Just as important as writing every day (or as close to it as you can manage) is reading every day. I read as much as I can, and broadly, too, not just research for my work-in-progress. In my experience, it's often the books that resemble yours the least that end up unlocking something in your writing. And when this happens, it's a wonderful reminder of how mysterious and magical this whole process is—and how lucky we are to be writers.

Today's writing challenge: Read something that you wouldn't normally pick up. It can be a book, short story, newspaper article—anything that interests you. Maybe you'll come across a word, phrase, or idea that sparks something new in your writing!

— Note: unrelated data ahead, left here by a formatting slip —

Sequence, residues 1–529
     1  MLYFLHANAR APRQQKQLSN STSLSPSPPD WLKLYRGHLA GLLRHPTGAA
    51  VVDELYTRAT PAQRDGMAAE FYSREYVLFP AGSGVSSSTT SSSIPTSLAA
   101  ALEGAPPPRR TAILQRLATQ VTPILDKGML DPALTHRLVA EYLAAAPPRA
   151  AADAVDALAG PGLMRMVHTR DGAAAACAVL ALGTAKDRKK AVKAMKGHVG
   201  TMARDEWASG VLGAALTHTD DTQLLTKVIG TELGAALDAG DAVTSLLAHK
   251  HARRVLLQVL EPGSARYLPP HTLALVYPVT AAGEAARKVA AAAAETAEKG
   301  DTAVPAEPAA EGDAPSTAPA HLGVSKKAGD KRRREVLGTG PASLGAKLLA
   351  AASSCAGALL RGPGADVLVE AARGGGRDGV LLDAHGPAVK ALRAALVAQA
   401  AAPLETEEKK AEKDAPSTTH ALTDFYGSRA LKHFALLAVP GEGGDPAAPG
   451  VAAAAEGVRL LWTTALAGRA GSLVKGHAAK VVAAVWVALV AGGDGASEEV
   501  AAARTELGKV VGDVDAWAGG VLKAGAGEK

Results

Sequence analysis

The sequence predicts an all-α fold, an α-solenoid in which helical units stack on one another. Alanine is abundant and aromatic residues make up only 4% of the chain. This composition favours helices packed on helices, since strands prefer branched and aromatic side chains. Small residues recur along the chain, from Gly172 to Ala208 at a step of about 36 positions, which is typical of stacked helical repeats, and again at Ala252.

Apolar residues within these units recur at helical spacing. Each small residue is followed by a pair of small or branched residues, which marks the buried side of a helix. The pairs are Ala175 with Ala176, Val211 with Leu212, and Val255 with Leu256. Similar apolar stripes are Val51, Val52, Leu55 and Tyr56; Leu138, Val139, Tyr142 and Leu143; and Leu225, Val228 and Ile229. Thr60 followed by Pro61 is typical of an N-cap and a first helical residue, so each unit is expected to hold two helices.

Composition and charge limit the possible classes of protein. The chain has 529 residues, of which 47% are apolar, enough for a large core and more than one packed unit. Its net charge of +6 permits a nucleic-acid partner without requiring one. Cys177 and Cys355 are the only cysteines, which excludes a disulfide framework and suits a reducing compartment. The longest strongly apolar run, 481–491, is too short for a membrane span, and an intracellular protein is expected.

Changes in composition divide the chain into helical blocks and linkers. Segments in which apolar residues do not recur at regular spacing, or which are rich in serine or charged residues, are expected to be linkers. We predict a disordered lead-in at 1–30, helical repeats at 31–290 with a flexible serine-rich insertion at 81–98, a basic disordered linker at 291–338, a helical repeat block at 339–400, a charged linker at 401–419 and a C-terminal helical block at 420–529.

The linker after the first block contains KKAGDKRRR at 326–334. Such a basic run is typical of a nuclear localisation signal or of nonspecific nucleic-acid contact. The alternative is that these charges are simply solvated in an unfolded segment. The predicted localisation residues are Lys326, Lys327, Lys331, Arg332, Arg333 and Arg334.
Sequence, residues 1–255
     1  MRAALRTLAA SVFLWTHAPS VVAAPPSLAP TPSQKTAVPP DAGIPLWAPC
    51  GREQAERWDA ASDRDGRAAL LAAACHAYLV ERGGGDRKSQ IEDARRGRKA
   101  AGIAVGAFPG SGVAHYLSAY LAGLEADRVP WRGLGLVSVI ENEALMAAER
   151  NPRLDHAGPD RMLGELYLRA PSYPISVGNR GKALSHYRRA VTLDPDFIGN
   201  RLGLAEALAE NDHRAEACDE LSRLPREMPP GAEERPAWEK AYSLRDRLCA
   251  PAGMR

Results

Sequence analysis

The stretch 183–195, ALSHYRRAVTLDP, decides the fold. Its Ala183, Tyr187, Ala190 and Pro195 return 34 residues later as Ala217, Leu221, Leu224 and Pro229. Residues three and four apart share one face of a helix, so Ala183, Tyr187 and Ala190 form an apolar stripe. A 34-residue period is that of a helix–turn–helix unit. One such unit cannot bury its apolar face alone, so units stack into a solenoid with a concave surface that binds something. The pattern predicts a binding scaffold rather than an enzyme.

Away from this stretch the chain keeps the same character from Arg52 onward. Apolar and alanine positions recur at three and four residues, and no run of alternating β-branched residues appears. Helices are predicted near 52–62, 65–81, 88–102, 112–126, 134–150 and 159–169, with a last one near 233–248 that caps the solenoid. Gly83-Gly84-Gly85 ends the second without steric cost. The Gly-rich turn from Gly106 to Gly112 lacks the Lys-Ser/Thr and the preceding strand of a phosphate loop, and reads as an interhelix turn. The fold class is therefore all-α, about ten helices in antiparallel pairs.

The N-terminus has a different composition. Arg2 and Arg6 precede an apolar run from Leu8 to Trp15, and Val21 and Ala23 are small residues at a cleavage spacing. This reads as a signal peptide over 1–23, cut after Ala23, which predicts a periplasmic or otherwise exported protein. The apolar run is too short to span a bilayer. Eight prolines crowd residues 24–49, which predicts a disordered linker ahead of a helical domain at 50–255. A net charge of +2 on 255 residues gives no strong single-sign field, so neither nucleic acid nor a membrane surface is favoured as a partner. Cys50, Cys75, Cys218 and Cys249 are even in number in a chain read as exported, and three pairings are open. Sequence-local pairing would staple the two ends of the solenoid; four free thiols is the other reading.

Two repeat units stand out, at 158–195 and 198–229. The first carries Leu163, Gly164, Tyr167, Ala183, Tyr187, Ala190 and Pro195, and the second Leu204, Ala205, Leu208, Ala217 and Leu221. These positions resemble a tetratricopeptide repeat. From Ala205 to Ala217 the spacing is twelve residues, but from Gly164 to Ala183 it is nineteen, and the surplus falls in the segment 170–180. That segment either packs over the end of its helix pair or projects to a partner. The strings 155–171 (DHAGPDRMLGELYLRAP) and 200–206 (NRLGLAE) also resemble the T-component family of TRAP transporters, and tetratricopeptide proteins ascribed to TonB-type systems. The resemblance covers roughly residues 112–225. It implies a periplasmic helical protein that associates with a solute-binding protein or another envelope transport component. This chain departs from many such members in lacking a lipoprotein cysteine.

11 July 2018

There are going to be times when you feel uninspired, when the very last thing you want to do is to sit down and write. Moments like these, I remind myself that sometimes the work itself can create excitement. As Joyce Carol Oates attests, "I have forced myself to begin writing when I've been utterly exhausted, when I've felt my soul as thin as a playing card, when nothing has seemed worth enduring for another five minutes... and somehow the activity of writing changes everything."

Today's writing challenge: If you're feeling uninspired, set a timer and make yourself sit down for just 5 or 10 minutes to write. By the end of that time, you may find that you're excited to keep going!

12 July 2018

When I'm feeling really stuck and simply don't have the slightest idea about what should happen next, I go back to the basics and ask myself: What is this character's overarching desire? What do they want in this particular scene? What is standing in their way? How far would they go to get what they want? Answering these questions often helps me find a way to keep going.